[ poz-it ]
/ ˈpɒz ɪt /

verb (used with object)

to place, put, or set.
to lay down or assume as a fact or principle; postulate.


something that is posited; an assumption; postulate.

Origin of posit

1640–50; < Latin positus, past participle of pōnere to place, put
Dictionary.com Unabridged Based on the Random House Unabridged Dictionary, © Random House, Inc. 2019

Examples from the Web for posit

British Dictionary definitions for posit


/ (ˈpɒzɪt) /

verb (tr)

to assume or put forward as fact or the factual basis for an argument; postulate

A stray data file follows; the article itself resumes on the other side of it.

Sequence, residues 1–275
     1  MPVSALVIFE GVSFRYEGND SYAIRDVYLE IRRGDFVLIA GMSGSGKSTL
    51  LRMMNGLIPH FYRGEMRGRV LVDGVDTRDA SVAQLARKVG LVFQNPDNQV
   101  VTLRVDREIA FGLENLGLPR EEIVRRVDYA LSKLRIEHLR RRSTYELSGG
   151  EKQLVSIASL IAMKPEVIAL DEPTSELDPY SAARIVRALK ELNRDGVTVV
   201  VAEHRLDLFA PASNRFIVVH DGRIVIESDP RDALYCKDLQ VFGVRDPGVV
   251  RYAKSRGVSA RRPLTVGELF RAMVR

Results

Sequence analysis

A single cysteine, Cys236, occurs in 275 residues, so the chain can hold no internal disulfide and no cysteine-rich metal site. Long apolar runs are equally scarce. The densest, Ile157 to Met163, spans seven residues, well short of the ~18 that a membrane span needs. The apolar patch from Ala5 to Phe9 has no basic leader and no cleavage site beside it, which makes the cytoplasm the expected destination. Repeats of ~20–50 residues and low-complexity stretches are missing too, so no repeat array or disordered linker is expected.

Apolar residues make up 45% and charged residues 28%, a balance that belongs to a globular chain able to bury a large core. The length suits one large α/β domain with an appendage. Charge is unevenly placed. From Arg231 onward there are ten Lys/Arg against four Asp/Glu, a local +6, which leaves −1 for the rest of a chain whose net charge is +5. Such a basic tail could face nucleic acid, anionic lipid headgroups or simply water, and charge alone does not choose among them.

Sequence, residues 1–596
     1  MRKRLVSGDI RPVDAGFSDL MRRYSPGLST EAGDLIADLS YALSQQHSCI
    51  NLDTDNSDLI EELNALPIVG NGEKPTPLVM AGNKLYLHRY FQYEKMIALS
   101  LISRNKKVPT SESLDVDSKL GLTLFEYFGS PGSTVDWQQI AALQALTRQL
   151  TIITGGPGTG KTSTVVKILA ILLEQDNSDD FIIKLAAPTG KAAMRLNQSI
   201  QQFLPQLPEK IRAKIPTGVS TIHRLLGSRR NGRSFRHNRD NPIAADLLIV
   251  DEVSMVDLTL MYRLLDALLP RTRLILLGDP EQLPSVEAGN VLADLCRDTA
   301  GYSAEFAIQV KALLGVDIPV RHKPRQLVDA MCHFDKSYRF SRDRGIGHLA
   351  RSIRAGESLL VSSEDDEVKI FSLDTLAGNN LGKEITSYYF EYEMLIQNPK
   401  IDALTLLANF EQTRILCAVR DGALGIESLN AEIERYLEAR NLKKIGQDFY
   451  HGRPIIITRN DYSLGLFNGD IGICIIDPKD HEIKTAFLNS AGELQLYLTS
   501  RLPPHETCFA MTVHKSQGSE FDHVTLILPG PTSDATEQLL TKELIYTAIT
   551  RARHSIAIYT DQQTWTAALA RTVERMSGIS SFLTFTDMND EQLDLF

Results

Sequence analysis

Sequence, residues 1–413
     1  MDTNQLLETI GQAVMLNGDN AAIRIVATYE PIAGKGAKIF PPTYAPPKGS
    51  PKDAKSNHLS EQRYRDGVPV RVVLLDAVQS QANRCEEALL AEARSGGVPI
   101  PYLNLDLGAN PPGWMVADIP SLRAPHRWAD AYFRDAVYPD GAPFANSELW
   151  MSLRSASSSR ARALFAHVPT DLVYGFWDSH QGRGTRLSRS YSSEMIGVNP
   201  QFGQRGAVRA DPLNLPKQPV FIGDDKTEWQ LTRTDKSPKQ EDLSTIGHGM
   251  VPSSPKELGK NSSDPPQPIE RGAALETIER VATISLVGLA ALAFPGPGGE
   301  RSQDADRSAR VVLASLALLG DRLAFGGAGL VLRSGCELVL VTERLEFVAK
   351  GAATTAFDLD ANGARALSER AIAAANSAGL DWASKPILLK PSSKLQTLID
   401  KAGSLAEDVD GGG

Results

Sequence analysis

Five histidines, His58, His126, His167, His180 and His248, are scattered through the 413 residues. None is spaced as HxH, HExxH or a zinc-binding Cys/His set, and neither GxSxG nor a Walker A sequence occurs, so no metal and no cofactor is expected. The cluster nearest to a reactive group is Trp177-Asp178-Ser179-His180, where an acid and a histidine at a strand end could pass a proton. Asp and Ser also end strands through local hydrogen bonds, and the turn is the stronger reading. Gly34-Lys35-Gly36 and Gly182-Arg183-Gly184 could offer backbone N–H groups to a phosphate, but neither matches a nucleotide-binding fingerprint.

to put in position


a fact, idea, etc, that is posited; assumption

Word Origin for posit

C17: from Latin pōnere to place, position
Collins English Dictionary - Complete & Unabridged 2012 Digital Edition © William Collins Sons & Co. Ltd. 1979, 1986 © HarperCollins Publishers 1998, 2000, 2003, 2005, 2006, 2007, 2009, 2012

Word Origin and History for posit



"to assert," 1690s, from Latin positus "placed, situated, standing, planted," past participle of ponere "put, place" (see position). Related: Posited; positing.

Online Etymology Dictionary, © 2010 Douglas Harper